Friday, October 4, 2013


I recently received two very attractive cookbooks originally published by Hardie Grant, an Australian publisher, which have been recently release in the United States through Rizzoli New York.  GREAT PUB FOOD: Make Home Your New Local by Rachael Lane (paperback w/flaps; $24.95; ISBN: 978-174270451-7) and LE PETIT PARIS: French Finger Food by Nathalie Benezet ($19.95; 978-1742705965) have many fine recipes in them, but they are undermined by in the case of the former, some odd recipes that wouldn't quite qualify them as pub grub in the United States, and one giant boo-boo on the cover of the latter. Let me get that out of the way first.

The tasty-looking cake on the cover of LE PETIT PARIS is called a Canelé, which Wikipedia describes as “a French pastry with a soft and tender custard center and a dark, thick caramelized crust.” It’s distinctive shape—“a small, striated cylinder approximately two inches in height, is a specialty of the Bordeaux region of France.” Canelé are a relative novelty to the U.S., though I saw them on display in many pâstisserie shops in Paris this past April. Recipes are very hard to find (probably because you need special molds to bake them in), and I thumbed through many cookbooks in my library of nearly 1,000 volumes, and could only find one recipe. They are not mentioned in Julia Child’s cookbooks, nor in Madeleine Kamen’s encyclopedic The New Making of a Cook and not in the baking books of Dorie Greenspan, Maida Heatter, Nick Malgieri and others.  I am going on at length here because there is no recipe for a Canelé in LE PETIT PARIS. So why is there a photo of one on the cover of the book?  Wouldn’t it have made more sense to use one of the photographed recipes inside? It's a pity as my cookbook collection clearly proved, we're in need recipes for this pastry. 

Taking a closer look at LE PETIT PARIS brought out the sourpuss in me.  Who among us is going to make very small Foie Gras Burgers, using hamburger buns made from scratch? The recipe for classic Celeriac Remoulade is served on tiny plates. It is a common-enough recipe (as are all of the recipes here) that appears in many books—French or otherwise.  But the height of absurdity is a recipe for Crème Brûlée, which is served on small spoons, sprinkled with brown sugar and blow-torched to a candied glaze! That’s right, folks—one bite for all this effort. This is the sort of thing you might find charming in a little pâtisserie, but a pain in the neck at home. That doesn't mean the recipes are bad, but aside from those of who prefer little plates, what is the point?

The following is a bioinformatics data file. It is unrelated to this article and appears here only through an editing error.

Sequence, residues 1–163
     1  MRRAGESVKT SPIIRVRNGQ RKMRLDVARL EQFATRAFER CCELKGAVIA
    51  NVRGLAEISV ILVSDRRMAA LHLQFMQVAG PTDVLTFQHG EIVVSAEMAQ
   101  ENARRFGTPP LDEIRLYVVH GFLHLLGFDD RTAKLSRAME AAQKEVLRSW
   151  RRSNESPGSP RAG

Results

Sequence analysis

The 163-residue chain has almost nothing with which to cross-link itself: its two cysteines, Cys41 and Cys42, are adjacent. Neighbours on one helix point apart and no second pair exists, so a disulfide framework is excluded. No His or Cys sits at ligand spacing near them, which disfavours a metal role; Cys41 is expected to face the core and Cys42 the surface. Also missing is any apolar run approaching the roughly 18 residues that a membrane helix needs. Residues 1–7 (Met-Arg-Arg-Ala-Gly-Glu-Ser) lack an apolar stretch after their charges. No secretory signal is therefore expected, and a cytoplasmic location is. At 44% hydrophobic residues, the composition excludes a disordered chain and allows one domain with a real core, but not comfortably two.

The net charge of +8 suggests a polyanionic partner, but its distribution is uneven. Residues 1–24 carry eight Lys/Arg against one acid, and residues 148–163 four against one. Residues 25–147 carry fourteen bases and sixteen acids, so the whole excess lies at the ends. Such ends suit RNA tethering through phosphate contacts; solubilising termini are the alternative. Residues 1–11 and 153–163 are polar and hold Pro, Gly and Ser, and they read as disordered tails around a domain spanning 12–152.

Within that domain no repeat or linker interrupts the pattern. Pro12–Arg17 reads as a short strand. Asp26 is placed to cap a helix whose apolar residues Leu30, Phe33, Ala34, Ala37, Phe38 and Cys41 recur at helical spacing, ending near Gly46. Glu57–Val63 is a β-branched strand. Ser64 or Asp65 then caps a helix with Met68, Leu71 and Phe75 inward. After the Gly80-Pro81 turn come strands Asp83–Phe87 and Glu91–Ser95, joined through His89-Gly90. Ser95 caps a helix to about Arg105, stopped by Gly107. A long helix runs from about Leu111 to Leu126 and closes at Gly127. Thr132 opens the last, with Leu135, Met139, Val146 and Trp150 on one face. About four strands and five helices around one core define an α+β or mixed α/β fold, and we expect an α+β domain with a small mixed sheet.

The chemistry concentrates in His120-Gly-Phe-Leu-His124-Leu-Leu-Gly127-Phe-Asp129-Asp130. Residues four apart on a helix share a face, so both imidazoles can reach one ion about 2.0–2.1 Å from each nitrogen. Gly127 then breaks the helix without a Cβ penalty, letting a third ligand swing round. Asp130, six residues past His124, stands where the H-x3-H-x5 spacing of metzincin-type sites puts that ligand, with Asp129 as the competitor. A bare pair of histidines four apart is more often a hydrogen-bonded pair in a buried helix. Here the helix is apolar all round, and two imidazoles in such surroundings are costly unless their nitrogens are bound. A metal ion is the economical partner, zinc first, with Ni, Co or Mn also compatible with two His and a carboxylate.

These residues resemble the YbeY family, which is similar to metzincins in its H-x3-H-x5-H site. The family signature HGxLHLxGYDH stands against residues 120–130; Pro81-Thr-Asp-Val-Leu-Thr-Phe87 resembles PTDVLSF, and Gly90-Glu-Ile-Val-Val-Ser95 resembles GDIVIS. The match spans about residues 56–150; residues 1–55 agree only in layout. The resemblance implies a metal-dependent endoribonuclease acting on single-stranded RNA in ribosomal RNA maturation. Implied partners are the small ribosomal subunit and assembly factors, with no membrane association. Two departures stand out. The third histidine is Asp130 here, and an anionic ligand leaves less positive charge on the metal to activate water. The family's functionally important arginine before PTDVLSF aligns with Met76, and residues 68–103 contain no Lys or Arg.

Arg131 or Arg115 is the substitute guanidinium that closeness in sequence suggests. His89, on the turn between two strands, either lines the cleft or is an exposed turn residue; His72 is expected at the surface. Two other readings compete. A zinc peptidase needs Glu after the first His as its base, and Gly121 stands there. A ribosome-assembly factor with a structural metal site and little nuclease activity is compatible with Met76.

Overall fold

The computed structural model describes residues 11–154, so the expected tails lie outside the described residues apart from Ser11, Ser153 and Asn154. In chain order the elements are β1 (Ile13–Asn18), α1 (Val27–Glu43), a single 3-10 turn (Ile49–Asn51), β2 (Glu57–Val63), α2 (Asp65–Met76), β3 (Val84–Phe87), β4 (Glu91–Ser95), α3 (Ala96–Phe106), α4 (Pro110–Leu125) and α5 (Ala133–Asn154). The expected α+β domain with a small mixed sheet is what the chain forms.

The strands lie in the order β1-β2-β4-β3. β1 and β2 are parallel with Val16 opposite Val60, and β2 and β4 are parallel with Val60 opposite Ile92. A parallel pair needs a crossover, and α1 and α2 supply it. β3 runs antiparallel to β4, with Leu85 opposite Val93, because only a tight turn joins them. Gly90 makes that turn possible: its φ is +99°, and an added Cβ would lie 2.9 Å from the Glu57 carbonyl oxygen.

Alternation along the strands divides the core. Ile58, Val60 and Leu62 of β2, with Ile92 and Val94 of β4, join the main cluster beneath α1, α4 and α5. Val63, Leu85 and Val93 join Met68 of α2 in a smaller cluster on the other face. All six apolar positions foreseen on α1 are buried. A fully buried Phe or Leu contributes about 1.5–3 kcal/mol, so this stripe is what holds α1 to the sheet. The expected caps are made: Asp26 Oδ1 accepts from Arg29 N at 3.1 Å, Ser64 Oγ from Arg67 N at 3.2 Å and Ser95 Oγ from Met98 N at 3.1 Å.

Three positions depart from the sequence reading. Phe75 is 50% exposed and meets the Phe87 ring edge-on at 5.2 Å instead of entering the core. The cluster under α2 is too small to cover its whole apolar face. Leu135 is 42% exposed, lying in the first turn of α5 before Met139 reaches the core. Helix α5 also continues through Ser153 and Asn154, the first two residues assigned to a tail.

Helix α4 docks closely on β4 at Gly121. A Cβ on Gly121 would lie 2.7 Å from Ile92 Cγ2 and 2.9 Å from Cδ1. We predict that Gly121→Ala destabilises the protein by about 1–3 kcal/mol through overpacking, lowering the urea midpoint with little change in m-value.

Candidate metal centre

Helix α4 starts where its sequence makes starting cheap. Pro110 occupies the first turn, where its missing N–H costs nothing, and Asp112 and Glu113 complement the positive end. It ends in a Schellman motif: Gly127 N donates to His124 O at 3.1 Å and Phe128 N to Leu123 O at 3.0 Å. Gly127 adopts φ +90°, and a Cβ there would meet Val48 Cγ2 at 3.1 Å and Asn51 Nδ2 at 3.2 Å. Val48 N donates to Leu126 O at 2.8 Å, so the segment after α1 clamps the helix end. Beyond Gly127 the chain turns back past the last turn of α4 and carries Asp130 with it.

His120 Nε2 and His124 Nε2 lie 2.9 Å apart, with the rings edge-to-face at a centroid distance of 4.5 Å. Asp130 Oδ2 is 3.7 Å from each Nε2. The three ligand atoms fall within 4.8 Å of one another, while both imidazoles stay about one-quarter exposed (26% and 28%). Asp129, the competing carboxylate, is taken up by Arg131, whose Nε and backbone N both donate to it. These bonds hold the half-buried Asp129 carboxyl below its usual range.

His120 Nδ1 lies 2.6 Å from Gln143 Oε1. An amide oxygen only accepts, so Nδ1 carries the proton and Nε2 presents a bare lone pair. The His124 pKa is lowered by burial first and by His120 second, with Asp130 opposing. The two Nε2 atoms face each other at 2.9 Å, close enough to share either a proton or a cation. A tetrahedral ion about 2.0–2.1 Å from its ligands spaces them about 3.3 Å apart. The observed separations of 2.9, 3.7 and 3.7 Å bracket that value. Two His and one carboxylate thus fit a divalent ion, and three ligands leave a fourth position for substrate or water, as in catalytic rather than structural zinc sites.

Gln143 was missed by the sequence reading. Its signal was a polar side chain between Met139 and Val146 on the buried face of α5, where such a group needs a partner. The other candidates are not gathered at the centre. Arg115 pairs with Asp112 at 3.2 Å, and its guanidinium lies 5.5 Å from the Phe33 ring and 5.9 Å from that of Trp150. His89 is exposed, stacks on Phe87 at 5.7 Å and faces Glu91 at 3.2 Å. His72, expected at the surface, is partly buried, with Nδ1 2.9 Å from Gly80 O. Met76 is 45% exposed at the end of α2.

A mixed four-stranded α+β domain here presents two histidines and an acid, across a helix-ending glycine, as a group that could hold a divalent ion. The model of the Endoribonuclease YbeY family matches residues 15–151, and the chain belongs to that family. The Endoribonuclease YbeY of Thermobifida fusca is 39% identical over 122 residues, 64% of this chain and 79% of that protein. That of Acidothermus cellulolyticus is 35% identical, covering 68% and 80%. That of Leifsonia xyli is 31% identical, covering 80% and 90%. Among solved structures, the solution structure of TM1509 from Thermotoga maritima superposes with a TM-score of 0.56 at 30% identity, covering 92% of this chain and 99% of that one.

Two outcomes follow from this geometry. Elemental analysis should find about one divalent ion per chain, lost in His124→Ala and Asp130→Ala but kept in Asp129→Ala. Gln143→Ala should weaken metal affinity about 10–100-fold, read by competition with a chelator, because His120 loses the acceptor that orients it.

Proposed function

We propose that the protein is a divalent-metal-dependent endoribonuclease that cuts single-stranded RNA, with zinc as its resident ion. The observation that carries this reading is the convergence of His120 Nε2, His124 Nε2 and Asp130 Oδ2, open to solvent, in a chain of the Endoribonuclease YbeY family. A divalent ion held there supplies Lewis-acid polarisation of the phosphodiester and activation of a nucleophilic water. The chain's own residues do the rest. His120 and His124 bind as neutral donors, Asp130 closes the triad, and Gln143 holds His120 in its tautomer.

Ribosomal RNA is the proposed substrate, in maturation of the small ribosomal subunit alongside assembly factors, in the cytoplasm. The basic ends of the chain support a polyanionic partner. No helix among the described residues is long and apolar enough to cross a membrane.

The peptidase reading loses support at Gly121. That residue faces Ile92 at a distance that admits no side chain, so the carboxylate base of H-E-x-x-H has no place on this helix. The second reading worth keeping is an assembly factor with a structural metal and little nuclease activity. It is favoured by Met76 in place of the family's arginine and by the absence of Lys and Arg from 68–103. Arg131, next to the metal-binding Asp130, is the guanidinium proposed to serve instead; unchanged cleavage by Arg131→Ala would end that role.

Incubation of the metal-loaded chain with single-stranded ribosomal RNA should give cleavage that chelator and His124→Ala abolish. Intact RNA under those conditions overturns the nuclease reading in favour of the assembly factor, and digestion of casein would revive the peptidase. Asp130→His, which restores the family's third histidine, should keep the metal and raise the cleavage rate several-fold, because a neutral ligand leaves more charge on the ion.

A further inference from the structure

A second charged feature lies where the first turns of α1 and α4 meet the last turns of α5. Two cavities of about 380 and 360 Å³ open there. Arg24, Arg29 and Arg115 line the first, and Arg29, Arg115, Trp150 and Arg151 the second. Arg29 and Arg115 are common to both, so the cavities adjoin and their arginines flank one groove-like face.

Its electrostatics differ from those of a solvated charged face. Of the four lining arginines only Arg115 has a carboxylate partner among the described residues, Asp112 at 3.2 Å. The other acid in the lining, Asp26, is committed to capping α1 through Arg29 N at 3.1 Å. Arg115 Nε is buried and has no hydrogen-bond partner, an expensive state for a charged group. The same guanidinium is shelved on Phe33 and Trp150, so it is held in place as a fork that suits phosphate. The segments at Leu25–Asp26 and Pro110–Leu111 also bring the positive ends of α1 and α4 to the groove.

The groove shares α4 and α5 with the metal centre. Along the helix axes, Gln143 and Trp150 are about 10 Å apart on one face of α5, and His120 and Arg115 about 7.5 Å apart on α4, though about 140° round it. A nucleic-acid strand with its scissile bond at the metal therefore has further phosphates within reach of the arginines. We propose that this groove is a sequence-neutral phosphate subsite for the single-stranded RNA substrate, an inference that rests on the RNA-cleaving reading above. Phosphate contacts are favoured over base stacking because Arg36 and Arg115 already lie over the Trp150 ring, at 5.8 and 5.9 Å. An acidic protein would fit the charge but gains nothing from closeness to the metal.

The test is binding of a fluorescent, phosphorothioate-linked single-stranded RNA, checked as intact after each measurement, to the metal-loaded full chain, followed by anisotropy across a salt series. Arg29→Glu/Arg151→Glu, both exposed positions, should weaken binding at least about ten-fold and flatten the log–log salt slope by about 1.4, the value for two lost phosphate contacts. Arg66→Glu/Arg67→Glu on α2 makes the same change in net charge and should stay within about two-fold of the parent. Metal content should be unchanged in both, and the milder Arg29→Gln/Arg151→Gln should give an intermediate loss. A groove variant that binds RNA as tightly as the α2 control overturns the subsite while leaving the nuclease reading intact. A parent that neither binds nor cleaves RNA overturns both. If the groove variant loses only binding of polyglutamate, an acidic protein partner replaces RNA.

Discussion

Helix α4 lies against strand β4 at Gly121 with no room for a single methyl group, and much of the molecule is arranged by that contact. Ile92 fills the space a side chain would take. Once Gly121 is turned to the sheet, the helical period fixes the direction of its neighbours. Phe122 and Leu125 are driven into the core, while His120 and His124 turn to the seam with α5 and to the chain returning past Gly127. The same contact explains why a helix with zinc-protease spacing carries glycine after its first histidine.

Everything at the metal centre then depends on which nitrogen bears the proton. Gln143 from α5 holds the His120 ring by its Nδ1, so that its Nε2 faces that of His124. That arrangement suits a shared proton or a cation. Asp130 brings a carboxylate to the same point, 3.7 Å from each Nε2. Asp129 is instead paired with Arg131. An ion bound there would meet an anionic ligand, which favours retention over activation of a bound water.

GREAT PUB FOOD is more Australian gastro-pub and than American pub and quite a bit of this kind of cooking is probably not available in your neighborhood pub—but then again, your pub food probably wouldn’t translate well in Australia. Still I don’t anticipate making Greek Lamb and Haloumi Burgers (Haloumi requires a special trip to your specialty cheese store—it’s not widely available). Nor am I a big exponent of deep frying at home, so while I would be delighted to encounter Tempura Fish Burgers with Wasabi Mayo at a restaurant, I’m not smelling up my house doing this at home. Getting rid of the used oil always drives me nuts anyway. There is a nice selection of British-style pies—Steak and Mushroom, Beef and Guiness, and Vegie Curry all sound interesting. The Smoked Fish Pie was an irksome recipe because the fish it calls for are not available here (what the heck are Blue Eye or Trevally?).  At least suggest alternatives. I’m not being jingoistic. Most home cooks are going to see those ingredients and move on. There’s a main course chapter that features food I associate with ethnic or more upscale restaurant dining.  Steak Diane is pure bistro—even old-school Continental cooking. Eggplant Parmigiana and Chicken Parmigiana and Ricotta and Spinach Cannelloni come from traditional Italian red-sauce joints, while Chicken Kiev, Beef Wellington, Veal Saltimbocca, Mushroom Risotto, and Maple and Mustard-Glazed Pork Cutlets with Roasted Apple Sauce, belong more to the higher-end gastro-pub. The next chapter’s fare from Buttermilk Fried Chicken with Chipotle Mayonnaise, Prawn and Chorizo Paella, Rabbit Cacciatore to Moroccan Spiced Lamb Shanks with Date and Roasted Almond Couscous and Osso Bucco, are simply not pub food at all.  So much of this food is very sophisticated. I love Fattoush, a Lebanese salad of stale, toasted pita with tomatoes, cucumbers, onions, and other vegetables, feta and a dressing of lemon, sumac and garlic. But it’s hardly pub food. Even desserts are primarily from Down Under or across the pond:  Chocolate Stout Puddings, Lime Delicious, Sticky Date Pudding, Bakewell Tart

Was GREAT PUB FOOD originally intended for the American market? Not sure. Maybe an editor decided to try because there are both metric and liquid and solid measurements used here). There is no Introduction from the author to establish the point of her concept, and none of the recipes have headers which could have explained her choices as pub food, or their appeal to her. In the end, the book didn’t work for me. We certainly have more sophisticated pubs that go well beyond serving a solid burger or pile of nachos.  Here in south east Portland, Oregon, we need only to look at Sunshine Tavern to see a neighborhood restaurant that serves sophisticated, well-made food. I guess I’d rather have a pub cookbook featuring recipes that reflect what I can easily find locally. 

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